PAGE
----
I could sidetrack into different stories for hours, but I think of these moments often, and how they’ve impacted me today.

Sydney’s 41st Mardi Gras, and my first Mardi Gras. Getty Images: James D. Morgan.

My first Mardi Gras was at 21, in 2019. I told my parents that I was going out with some friends, and they were none the wiser because they had no idea when Mardi Gras was actually on.

That day was one of the most painful reminders of how uncomfortable I still was with being a gay individual. I was surrounded by so many queer people, so proud in their skins, and for most of the time, I was just in awe at how this entire world was hidden away from me, and how I barely belonged.

I remember going to a friend’s house in normal clothes and getting changed when I was there into something completely different. I’m talking neon pink cigarette pants and a spiked choker (sorry, not sorry mum.) I met Amanda Lepore that night, and it was everything. In fact, this was only my third time even being at a gay club.

It was after this Mardi Gras that I decided it was time to move out. Not to grant me a world of opportunity, but to free me from a world where there was none.

Subsequent Mardi Gras, however, always felt the same. I get this strange feeling inside that I am still not good enough to join these amazing queer people in celebrating identity. I’ve only just come around to accepting my own queerness, and it still feels fragile, like a bird learning to fly.

If you’re like me, and have homophobic parents, wondering what you’re going to be doing this Mardi Gras, I can only tell you so much.

Unfortunately, by fate, you’ve been assigned two people who limit your very being, you find your natural personage to be disgusting, most of the time at levels associated with the divine. I’m so wrong that even a GOD would hate me? It’s impossible to wrap your head around, and impossible to fight against.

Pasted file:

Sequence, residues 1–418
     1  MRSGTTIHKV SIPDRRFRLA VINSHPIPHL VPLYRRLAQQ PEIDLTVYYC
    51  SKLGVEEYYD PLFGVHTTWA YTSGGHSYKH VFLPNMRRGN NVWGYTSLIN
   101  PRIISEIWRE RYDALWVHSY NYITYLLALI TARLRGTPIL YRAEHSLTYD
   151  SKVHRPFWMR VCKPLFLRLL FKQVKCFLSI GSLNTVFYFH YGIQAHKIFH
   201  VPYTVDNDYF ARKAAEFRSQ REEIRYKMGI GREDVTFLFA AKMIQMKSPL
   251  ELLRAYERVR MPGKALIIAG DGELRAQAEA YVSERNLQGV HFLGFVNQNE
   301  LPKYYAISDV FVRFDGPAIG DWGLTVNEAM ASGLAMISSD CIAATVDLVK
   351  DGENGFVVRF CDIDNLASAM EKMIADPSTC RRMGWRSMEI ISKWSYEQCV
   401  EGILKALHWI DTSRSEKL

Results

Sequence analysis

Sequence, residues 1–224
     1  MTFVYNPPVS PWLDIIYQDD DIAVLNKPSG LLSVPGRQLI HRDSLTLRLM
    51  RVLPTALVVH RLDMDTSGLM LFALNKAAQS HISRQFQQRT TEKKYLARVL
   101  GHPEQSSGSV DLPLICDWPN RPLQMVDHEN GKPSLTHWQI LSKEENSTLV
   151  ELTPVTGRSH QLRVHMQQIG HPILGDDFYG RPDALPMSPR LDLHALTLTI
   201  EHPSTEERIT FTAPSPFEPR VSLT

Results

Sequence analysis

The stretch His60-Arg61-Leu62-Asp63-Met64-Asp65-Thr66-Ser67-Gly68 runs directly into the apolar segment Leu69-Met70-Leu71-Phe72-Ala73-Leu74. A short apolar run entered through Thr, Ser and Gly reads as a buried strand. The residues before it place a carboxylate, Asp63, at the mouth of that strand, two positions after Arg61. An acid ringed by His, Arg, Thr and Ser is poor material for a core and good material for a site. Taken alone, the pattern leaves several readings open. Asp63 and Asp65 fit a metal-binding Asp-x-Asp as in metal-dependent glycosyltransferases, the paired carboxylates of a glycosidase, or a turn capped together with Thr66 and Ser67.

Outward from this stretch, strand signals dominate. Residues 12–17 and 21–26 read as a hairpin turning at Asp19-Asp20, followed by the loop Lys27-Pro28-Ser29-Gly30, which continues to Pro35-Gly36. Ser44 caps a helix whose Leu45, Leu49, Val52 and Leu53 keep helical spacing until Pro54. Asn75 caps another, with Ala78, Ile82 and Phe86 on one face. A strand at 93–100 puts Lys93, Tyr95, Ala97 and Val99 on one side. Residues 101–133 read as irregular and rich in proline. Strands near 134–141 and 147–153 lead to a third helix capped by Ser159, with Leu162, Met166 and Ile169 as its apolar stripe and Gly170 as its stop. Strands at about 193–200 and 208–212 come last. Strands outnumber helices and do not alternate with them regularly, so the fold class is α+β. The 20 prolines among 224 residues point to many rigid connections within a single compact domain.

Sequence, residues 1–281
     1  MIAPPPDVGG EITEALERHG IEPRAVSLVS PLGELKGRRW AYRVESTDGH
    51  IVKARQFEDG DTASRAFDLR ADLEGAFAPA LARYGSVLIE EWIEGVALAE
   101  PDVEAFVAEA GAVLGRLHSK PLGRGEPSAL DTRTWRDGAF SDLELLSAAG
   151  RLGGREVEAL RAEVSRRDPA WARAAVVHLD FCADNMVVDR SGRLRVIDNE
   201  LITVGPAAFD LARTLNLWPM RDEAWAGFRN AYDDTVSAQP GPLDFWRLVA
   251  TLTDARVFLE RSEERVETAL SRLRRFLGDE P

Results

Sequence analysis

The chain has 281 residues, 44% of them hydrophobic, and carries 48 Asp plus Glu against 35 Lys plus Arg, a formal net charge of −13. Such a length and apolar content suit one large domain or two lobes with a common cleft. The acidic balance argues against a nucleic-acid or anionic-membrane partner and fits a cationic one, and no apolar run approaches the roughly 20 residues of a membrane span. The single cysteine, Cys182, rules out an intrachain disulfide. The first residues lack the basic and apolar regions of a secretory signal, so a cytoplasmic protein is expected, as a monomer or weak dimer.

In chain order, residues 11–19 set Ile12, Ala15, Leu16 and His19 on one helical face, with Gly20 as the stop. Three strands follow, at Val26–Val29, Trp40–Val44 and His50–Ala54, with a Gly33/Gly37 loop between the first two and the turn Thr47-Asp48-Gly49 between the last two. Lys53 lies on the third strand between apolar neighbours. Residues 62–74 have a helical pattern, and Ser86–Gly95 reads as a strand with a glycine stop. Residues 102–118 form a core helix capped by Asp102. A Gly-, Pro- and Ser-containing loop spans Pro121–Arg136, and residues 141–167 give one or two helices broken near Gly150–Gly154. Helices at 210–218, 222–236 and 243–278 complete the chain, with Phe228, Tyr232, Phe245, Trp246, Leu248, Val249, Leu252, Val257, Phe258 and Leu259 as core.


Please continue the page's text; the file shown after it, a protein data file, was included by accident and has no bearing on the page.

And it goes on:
My best advice would be to be safe. Things will always get better down the road, but that may just depend on escaping your family home when it’s safest for you. If you are not yet ready to leave, and the situation is dangerous for you, there are unfortunately only two paths.

Stay silent for years and years, and wait, like I did, or leave and face the consequences of it all.

No person should ever have to deal with these things but unfortunately, as queer people, sometimes we cannot even live our honest lives with homophobic parents constantly pulling us down. We were meant to fly, and that’s just what Mardi Gras is about.

So don’t worry if you miss a few festivities. I learnt the hard way that Mardi Gras will always be there for you whenever you are ready. And yes, you will meet people who have been accepted by their parents and are overtly proud to be who they are, while you watch awkwardly and wish that were you, but it’s okay. Everyone’s queerness is a journey, and some people join the road late.

Here’s to the queer kids who have had to deal with homophobic parents for most of their lives. Happy Mardi Gras you lovely humans. This is always a strange, difficult and sometimes volatile time for us all, but I know we’ll make it through together, no matter where we may be.

Me (on the right) and my lovely boyfriend a few weeks ago. It all gets better, I promise.

Image: Getty Images / Brendon Thorne